Sunday, December 09, 2012

factory eggs profile

Production line line in the this year's Christmas card factory.

Among odd encounters at the checkout I should include today's. My purchases  advance on the conveyor but two boxes of eggs on account of their fragility remain on the belt's supporting frame. I  produce the" next customer sign",  to mark a division on the belt, when I remember the eggs. "I thought the eggs were for me," says the man at the head of the queue behind me. He has a purple nose. "Funnily enough" he adds "I bought some eggs yesterday." What I wonder can I do with that information?

From the train the figures of two men on the roof of a distant  building stand in profile against the watery sun pushing beams through streaky clouds. Dramatic figures in an urban landscape.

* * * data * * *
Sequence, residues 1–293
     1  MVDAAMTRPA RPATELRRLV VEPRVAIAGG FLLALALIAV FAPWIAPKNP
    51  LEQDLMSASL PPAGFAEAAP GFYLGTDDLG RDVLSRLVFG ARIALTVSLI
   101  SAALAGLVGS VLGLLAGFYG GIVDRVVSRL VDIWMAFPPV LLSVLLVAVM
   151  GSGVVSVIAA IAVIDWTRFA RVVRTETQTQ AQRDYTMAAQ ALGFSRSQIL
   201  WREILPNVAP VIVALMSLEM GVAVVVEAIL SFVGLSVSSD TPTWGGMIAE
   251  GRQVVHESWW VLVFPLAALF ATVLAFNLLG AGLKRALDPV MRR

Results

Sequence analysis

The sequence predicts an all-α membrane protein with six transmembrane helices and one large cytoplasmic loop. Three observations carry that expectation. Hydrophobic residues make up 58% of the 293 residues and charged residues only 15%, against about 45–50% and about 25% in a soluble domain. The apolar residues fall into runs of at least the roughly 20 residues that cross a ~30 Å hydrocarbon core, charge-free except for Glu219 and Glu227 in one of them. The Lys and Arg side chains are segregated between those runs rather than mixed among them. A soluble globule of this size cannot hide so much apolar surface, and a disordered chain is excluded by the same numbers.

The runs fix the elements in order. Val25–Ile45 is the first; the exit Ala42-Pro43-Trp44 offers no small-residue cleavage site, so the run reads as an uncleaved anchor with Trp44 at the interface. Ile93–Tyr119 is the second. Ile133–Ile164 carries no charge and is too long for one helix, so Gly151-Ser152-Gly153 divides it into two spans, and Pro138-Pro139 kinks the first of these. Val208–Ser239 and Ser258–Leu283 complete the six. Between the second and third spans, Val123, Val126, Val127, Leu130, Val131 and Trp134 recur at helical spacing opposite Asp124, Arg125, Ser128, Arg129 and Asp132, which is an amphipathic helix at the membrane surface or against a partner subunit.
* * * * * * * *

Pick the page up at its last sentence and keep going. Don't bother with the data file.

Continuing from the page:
Saturday, December 08, 2012

ledge five salad

Shoes airing on a window-ledge above a fire escape.

I listen to Take 5 in memory of Dave Brubeck who died on December 5. When I first heard his music it sounded raspingly modern after the settled tempos of New Orleans. I hadn't realised until I read the obituaries that he studied classical composition under the French composer Darius Milhaud. Nor that Take 5 was  in fact written by Paul Desmond the saxophonist in the original Dave Brubeck Quartet. It seemed very modern when I first heard it. Now it appears as another milestone in the past.

It is hard to be greedy for salad, which perhaps explains the poster in the window of Pizza Hut in The Strand which offers "Free unlimited salad all day every day".

A character in a seedy novel pursues the author of the book in the new short story  called The Stalker which I have just posted in One Fine Day.

Friday, December 07, 2012

on the way naked rent


Though not proud of the picture I was glad to capture this pigeon coming in to land.